They estimate 2006 residential access line losses will be 490,000, which is a decline of 6%. That's significant, and is in line with what the RBOCs are experiencing. Our VoIP market is a good year behind the U.S., and I guess this estimate shows that we're just catching up.
Residential line losses have been a painful fact of life for RBOCs for some 2 years, but it's very new in Canada. Wireless substitution isn't as a big a deal here because wireless penetration is lower, prices are higher, and we don't have wireless LNP. Also, broadband penetration is higher, so there's less of a shift happening among dial up customers migrating to high speed.
I wasn't able to take part on the call, and don't see anything in the press release to substantiate this erosion. The closest I could find was a "3.5% decline in the residential NAS (Network Access Service) customer base". It's not clear if this decline is compared to the previous quarter or if it's year-over-year. I'd be very worried if it was the former, but I'll give 'em the benefit of the doubt.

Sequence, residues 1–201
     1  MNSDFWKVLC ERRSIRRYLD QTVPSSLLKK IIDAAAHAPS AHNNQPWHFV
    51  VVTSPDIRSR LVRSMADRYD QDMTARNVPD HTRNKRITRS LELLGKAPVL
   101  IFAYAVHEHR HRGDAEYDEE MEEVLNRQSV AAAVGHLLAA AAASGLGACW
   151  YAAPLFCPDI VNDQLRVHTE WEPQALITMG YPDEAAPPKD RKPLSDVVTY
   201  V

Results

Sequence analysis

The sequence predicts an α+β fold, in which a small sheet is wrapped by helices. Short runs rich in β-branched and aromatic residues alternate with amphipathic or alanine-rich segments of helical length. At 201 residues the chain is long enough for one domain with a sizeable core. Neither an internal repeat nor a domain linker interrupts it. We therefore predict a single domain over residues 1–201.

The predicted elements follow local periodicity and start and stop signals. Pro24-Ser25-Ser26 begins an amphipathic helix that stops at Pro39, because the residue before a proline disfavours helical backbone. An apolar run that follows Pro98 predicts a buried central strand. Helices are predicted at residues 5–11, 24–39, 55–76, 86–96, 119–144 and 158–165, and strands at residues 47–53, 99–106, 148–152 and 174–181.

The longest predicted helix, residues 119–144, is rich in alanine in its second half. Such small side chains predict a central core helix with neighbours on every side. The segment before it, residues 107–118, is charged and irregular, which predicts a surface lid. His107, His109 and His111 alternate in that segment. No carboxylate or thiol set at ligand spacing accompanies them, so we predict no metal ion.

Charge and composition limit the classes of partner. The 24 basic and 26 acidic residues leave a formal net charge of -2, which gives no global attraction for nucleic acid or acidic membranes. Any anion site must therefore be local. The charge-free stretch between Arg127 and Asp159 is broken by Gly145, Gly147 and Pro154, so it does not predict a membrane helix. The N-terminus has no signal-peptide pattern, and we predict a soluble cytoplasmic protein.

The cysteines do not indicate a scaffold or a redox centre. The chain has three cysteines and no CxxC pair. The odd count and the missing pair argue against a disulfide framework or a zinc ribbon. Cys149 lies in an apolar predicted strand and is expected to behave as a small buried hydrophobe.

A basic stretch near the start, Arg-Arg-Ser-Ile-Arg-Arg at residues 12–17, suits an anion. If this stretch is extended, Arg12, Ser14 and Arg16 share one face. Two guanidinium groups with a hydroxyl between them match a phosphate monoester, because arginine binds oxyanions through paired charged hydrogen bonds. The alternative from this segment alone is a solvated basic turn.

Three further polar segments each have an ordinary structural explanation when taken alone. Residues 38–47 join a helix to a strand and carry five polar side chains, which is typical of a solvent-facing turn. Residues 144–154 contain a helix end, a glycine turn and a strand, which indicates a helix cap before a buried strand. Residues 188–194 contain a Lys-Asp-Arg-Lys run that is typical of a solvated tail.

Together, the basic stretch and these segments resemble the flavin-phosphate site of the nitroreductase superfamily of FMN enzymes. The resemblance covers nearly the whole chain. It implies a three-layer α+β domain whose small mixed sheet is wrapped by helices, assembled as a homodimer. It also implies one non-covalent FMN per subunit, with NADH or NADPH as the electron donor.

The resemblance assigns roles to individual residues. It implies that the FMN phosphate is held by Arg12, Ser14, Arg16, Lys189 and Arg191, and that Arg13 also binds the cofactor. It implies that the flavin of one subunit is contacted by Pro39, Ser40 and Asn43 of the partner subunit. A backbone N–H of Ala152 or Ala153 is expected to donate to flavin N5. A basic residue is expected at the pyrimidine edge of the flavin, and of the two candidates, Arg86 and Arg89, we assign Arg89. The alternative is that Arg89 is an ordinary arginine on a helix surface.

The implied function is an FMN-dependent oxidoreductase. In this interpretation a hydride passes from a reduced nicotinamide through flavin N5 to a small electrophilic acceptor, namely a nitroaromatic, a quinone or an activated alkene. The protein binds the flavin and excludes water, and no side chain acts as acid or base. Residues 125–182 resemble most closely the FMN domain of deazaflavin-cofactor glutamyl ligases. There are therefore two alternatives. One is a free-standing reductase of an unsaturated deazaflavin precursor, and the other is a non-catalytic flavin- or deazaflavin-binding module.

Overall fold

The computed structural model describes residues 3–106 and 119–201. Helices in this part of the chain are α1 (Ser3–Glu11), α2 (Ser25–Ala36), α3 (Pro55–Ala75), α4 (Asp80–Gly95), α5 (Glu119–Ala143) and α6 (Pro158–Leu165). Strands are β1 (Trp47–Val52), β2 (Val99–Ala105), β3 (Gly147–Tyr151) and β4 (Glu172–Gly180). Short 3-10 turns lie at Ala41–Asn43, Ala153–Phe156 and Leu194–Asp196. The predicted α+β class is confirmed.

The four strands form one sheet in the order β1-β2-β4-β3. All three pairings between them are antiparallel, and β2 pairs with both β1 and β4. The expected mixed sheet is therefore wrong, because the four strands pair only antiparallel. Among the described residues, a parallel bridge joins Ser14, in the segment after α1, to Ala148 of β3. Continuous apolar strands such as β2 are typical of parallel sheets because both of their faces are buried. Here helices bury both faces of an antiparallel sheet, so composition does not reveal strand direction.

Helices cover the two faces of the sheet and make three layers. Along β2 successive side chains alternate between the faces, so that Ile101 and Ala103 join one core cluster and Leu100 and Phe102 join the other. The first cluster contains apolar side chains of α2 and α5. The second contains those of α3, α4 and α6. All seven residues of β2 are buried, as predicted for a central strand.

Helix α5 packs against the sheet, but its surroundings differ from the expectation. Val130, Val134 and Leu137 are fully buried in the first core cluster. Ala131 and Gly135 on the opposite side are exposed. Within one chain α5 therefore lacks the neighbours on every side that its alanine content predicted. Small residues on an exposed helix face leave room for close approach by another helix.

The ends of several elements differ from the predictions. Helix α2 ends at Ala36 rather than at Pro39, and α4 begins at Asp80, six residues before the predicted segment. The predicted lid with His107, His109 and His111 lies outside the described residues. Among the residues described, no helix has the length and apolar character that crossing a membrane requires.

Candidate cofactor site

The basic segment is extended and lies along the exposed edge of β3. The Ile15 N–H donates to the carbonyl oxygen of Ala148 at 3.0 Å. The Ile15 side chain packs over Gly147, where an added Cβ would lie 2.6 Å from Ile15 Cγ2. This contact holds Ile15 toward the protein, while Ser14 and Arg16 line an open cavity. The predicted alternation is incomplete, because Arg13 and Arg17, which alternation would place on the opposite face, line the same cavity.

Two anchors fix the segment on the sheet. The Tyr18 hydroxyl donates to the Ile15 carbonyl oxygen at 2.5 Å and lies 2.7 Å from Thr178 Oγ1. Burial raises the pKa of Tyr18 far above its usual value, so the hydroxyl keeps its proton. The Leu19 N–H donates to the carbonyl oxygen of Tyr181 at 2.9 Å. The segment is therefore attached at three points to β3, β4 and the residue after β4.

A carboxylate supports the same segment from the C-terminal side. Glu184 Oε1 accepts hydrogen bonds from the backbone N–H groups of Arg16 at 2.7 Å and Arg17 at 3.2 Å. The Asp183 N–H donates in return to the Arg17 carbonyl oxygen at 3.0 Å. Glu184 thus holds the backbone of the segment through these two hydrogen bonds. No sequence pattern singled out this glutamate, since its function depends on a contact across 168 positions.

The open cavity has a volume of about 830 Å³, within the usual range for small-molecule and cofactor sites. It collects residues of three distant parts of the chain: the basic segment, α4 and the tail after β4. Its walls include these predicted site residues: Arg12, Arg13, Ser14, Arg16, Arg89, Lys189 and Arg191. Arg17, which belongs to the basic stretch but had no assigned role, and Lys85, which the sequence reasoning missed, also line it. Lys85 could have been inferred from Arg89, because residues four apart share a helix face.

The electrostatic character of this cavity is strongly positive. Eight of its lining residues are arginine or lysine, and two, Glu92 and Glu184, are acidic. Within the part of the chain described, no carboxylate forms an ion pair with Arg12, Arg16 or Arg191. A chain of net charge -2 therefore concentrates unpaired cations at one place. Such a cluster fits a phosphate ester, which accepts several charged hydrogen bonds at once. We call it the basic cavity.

Either way, losses are no doubt occurring, but up until very recently, it's been a minor issue. With Videotron leading the assault on Bell's home subscribers, the environment is changing fast, and it's not a minor issue any more. This is reflected in the financials, and the investment community is now looking at the impact of VoIP in language they understand. Profit forecasts have been slightly lowered, and this is partially due to the landline losses, as well as the lower margins Bell will get from VoIP as opposed to POTS.